Ways To Teach Young Children Good Dental Hygiene Practices

ways to teach young children good dental hygiene practiceIt is never too early to teach children about the importance of good dental hygiene. From the time a child’s first tooth breaks through, parents need to instill that message. The lessons they learn as young children will stay with them for a lifetime.

That’s why parents should begin with a child brush and fine grain fluoride toothpaste even before youngsters are able to hold a brush. Over time, plan on moving from you handling the brush to them and be sure to create a twice-daily routine. Children do well with consistency. At each phase of the process, keep an eye on the big picture. Teach self-reliance. Here are a few ways get them on track.

3 Tips To Help Your Child Have Good Dental Hygiene

Role Modeling

Kids all want to be “big.” That means being able to do grownup things and make parents proud of them. That’s a great message to carry into learning dental hygiene, because smart grownups do take care of their teeth. As your child learns each basic step, let them know they’re doing well. First steps may only be rinsing and spitting, but let them know they do it “just like the big kids.”

During next steps such as holding a toothbrush properly, let them know they’re making progress. Say things like, “Wow, I don’t think I was able to do that at your age. Good job.” And when they can manage the entire task from start to finish. Let them know by saying that “I guess you’re getting pretty big.” An affirmative smile and a pat on the back will swell your child with pride and make them want to brush and floss regularly.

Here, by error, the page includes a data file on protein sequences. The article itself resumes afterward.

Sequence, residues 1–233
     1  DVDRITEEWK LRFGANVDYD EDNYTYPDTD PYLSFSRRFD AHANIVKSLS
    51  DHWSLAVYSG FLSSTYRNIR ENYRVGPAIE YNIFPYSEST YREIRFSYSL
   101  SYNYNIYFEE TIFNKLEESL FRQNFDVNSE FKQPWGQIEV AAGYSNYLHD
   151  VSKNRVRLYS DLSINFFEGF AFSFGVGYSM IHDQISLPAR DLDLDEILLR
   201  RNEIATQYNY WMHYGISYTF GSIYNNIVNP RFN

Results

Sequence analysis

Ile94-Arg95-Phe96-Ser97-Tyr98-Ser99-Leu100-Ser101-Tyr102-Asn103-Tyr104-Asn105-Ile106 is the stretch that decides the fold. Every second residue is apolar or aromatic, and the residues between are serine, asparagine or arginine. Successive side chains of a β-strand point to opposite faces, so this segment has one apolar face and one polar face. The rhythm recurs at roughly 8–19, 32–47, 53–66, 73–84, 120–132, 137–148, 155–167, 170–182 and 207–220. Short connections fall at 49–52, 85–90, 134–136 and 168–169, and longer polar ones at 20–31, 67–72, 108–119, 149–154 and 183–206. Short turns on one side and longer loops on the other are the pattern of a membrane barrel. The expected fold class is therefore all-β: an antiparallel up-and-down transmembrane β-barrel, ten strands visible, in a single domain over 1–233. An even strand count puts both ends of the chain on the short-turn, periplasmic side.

Learning As They Grow

It’s important to pace the dental hygiene lessons so that they are successful. Setbacks such as dropping brushes or making a mess with the paste can be demoralizing for some children. Dental hygiene shouldn’t be like sports where you overcome adversity. The goal is to make it a positive life experience and age-appropriate learning is key.

If you’re child has gained enough dexterity to tie their shoes, then they are probably able to handle brushing on their own. That generally happens at about six years old. However, everyone learns and grows at their own pace. As a parent, be cognizant when you see the signs that they can manage independent brushing.

Flossing takes more coordination than brushing. A wonderful way to lead into that is by providing them with a flossing tool. Most youngsters won’t need it after about 10 years old. But, no matter how old they get, positive parental reinforcement is golden.

Encourage Ownership

Many parents go the fun route. You can come up with a family brushing song or even bring toys and action figures into the mix. Building a positive atmosphere around oral hygiene has residual value. But, at the end of the day, the goal is to create ownership. It’s about transferring power to the child.

There are a few things you can do outside the bathroom that may have an impact. For instance, take your child to the store and have them select an age-appropriate brush that fits their personality. Many have popular character handles. Also, the toothpaste industry spends a ton of money marketing to kids. If it’s a reputable brand and they connect with it, have them put it in the shopping cart. The more ownership your child has over the process, the better the chances of long-term success.

Dr. Mike Cassidy has been helping people with dental hygiene since qualifying in 1978. His office is located at 29 Broad Street, St. Helier. Please visit the website for more information or call to schedule and appointment.

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